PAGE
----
She knew it was important for her community to have its day of remembrance each November to mark the violent deaths of transgender people across the country. But Christa Leigh Steele-Knudslien wasn’t crazy about it.
The activist was more about celebrating transgender people’s lives than mourning their loss, her friends said.
“She wanted to do something positive,” said Mason Dunn, who heads the Massachusetts Transgender Political Coalition. “To celebrate the beauty of our community, and have fun.”
So she helped organize the first New England Trans Pride parade, in 2008. Soon after that, she started a beauty pageant for transgender women, in Northampton. The well-attended events helped those women unify and gain acceptance, and offered a platform to advocate for civil rights.
“She wanted transgender women to be out and proud and beautiful,” said Lorelei Erisis, who won the first Miss Trans competition.
To those who knew her, Christa seemed all those things — out, proud, beautiful. The fierce activist, who had moved here from Minnesota more than a decade ago, made the pageants happen by sheer force of will, friends said in interviews.
“She was fantastic, a hell of a diva,” said Erisis. “She was a connector. . . . She enjoyed reaching out, and making social circles.”
It seemed as if Christa had found an acceptance that eludes many transgender women. She was comfortable in Massachusetts, friends said. She married her second husband, Mark Steele-Knudslien, last April, her father driving her to the wedding in a convertible. Her Facebook feed is full of loving updates about her husband, cataloging the cakes she baked for him, providing room-by-room updates on the home in North Adams they were renovating.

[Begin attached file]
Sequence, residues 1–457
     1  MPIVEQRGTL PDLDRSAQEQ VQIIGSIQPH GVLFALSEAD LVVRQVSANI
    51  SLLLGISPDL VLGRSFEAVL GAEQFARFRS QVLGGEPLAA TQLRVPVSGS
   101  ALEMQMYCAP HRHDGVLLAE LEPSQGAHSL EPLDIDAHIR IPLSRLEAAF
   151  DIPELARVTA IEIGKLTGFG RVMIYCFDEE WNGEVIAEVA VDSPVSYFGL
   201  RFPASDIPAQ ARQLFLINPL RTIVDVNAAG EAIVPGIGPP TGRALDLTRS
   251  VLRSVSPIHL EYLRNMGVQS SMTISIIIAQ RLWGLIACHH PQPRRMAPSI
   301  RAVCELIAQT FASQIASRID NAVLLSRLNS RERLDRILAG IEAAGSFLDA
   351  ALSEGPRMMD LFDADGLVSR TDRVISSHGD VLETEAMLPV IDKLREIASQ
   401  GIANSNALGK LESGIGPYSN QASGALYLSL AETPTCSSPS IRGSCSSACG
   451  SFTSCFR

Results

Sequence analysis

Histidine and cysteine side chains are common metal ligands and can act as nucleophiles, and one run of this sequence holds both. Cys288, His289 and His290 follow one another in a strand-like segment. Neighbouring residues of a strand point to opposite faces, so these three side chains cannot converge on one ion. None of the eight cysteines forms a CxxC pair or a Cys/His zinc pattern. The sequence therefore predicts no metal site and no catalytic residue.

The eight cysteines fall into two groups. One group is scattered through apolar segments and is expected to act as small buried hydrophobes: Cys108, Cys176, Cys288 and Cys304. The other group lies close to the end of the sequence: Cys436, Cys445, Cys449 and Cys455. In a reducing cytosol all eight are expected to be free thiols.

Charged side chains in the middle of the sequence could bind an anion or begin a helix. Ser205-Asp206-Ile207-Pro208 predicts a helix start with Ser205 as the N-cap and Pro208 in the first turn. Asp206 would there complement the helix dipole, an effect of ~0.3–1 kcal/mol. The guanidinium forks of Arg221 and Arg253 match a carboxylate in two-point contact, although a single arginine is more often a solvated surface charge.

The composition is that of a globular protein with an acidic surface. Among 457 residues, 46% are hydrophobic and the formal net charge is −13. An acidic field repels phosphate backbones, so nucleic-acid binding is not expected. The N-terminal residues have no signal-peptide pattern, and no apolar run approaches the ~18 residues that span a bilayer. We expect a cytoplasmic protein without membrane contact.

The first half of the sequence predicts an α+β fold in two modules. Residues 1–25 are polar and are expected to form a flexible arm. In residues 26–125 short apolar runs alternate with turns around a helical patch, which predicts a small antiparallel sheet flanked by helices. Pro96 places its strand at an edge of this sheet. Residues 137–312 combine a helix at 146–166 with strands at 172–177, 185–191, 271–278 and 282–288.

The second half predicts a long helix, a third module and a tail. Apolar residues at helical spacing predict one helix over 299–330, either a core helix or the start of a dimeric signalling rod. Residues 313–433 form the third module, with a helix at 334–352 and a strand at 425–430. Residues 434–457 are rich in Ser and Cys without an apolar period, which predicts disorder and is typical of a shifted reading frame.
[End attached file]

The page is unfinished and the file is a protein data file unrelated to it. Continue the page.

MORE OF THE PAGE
“She told me she was so happy,” said Ben Power, a friend who had worked alongside Christa on the pride marches.
But now he and Christa’s other friends are reeling, raking their memories for signs they might have missed.
On the night of Jan. 4, Mark Steele-Knudslien went to the police station in Adams and confessed to killing his wife, striking her with a hammer and stabbing her.
According to reports, Steele-Knudslien told police he had snapped following an argument, and that he was tired of his wife “belittling” him. After he killed her, he told them, he took a shower and went out to buy alcohol, then returned, wrapped her body in a tarp, and took it to the basement.
Hers is the first domestic violence homicide in Massachusetts in 2018, and the year’s first murder of a transgender person in the country, domestic violence and transgender activists said in a statement.
The circumstances of her death are sickeningly familiar to both groups. Transgender victims of partner violence can be especially vulnerable, say those who work with them, since they’re often isolated to begin with. Even somebody more connected to friends and family may be less likely to call for help, worried that police will not take her fears seriously, or respect her gender identity. It’s not yet clear whether Christa was among that group.
The transgender community here is reeling from her death, even as they confront a country that is newly hostile to them, with gathering efforts in the White House and here in Massachusetts to roll back recently won rights they fought hard for.
“Trans women are being killed every week in this country, and you always tell yourself, ‘It’s happening somewhere else, in big cities,’ or whatever,” said Power. “Well, it’s happened right here, in my community. People are crushed right now.”
Christa thought her work would help protect women like herself. She thought of her pageants as a kind of answer to the struggles of transgender women and men. We have to do something, she’d tell Power, not just sit around and cry every November, as the names of every transgender homicide victim are read aloud at community gatherings across the country.
Now her name will be among them.